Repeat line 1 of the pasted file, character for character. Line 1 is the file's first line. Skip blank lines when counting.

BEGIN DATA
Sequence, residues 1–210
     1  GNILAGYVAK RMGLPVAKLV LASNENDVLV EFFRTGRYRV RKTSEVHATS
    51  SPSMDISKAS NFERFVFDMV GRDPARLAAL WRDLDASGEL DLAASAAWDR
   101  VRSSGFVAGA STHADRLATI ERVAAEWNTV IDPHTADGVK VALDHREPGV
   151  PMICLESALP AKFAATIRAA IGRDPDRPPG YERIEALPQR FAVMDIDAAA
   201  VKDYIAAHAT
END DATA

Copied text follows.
Sequence, residues 1–210